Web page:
19 Apr 2010

Knock, Knock… Who’s There? A Two Part Tale

Knock Knock, Paris, Provence, French Essence, Vicki Archer

We have been reminiscing about our time spent in France in 1995. We had taken our three young children and travelled to Europe for six months from Australia, where we were then living. This is well before we had any thoughts of living in France permanently but on reflection this is probably the moment when my love affair with Provence started. We had rented a house in the hills behind St Tropez for three months, the children were being schooled in French and I was happily soaking up every moment of this blissful time… Until…


There was a loud banging on the front door very early the morning before our return to Australia. Reflecting on the monumental pack-up ahead, I hoped the resident gardiens, (house managers) Monsieur and Madame Robert, would deal with the intrusion. The knocking continued, growing more and more insistent. When I opened the door I was surprised to find three uniformed policemen and one civilian lined up before me. Stern expressions mouthed the prerequisite pleasantries and the plain-clothed person introduced himself as an Inspector of Police from Marseille. Flipping open his photo identity, he pushed the door with one hand and flashed the plastic with the other. As his trench coat disappeared through the door I could not help but think of Inspector Clouseau and his bumbling investigativeskills. This Inspector was no Peter Sellers and this was no joke. His team wasted no time and promptly moved in.



The gendarmes were respectfully quiet, as the Inspector demanded my passport and those of the children. In the same breath he advised me to remain silent to avoid any future misunderstanding. Silent; I was mute, dumbstruck would be a better description. Everything would then be dealt with in a calm and orderly manner. There was no need for panic. Panic; I was in a grand state of panic. I had never been in trouble before – my worst crime was a parking ticket – and here I am in a foreign country in the throws of being arrested. My husband was inconveniently absent so this mess was mine alone.  All this was discharged in record-breaking French of which I understood very little.


The French gardiens, my only link to the truth, were noticeably absent and nowhere to be found. I attempted to suggest there had been some kind of grave error, explaining I was an Australian on holiday with my three children. The Inspector understood a little English, but dismissed my excuses. He requested the immediate presence of the gardiens and suggested we all assemble in the kitchen. One gendarme searched for them, while the other two accompanied me to wake the children and collect our passports.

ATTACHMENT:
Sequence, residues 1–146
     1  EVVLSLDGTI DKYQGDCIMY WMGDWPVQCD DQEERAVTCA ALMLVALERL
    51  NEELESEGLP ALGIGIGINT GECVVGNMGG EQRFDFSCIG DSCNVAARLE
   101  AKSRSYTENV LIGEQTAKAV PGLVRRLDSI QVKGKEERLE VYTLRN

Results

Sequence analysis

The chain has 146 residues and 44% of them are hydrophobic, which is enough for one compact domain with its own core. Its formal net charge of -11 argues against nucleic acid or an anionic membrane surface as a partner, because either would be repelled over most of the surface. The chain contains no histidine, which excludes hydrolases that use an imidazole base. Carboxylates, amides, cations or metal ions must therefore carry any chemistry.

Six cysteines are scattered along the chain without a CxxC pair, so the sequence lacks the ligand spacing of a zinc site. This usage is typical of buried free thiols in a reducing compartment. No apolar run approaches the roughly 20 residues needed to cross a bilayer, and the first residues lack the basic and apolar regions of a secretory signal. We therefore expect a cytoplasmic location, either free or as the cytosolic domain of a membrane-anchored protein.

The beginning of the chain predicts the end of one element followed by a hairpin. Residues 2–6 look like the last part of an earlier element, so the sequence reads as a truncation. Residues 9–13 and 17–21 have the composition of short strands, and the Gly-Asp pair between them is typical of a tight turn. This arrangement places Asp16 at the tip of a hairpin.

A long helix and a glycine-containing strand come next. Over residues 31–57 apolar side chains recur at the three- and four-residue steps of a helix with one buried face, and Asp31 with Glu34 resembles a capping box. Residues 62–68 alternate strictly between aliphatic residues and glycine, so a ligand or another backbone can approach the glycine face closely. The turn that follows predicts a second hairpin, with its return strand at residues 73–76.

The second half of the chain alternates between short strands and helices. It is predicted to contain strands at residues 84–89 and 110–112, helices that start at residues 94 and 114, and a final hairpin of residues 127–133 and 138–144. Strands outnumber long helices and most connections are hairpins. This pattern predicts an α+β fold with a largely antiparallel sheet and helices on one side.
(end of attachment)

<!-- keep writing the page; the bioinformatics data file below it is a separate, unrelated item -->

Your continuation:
Monsieur and Madame Robert, now drawn out of hiding, refused to say a word in my defence. The Inspector questioned them repeatedly, but they would not budge. Over and over they shook their heads and pleaded a lack of knowledge. Frustrated by their attitude and completely baffled by their silence, I had no choice but to surrender our passports. The Inspector studied them one by one, page by page and concluded they were fraudulent. I demanded that he verify our documents through official channels – surely one phone call to his superiors could clarify this silliness?


 

Although I knew without doubt that we were innocent of any wrong doing (perhaps shop a little too hard at the antique fairs and brocantes…but as far as I knew there was no crime in that) the presence of so many police made me feel guilty.



He most strongly suggested that if I would not be prepared to cooperate fully we would be taken to Marseille police headquarters. I had no qualms about cooperating, but what was I cooperating about?  He questioned me at length. Why was I at this house? How long had I been there? What were the names of the owners? I had no answers. I repeated my account that we were Australians, we had rented the house through an international agency and that I had no dealings with the owners. I knew nothing of them or their whereabouts.


He was not convinced that I was telling the truth and my cross examination continued…

Read Part II of The Tale

 

VA In Your Inbox

subscribe for updates from vickiarcher.com

In This Post:

FEATUREDFEATUREDFEATUREDFEATUREDFEATUREDFEATUREDFEATUREDFEATUREDFEATUREDFEATUREDFEATUREDFEATUREDFEATUREDFEATUREDFEATUREDFEATUREDFEATUREDFEATUREDFEATUREDFEATUREDFEATUREDFEATURED

57 Comments

Tamara

Vicki, you mentioned you first rented a house in the hills behind St T. I have just spent 6 weeks in the area and would live to know where you were
living? Idle curiosity.

Reply
Laura @ 52 FLEA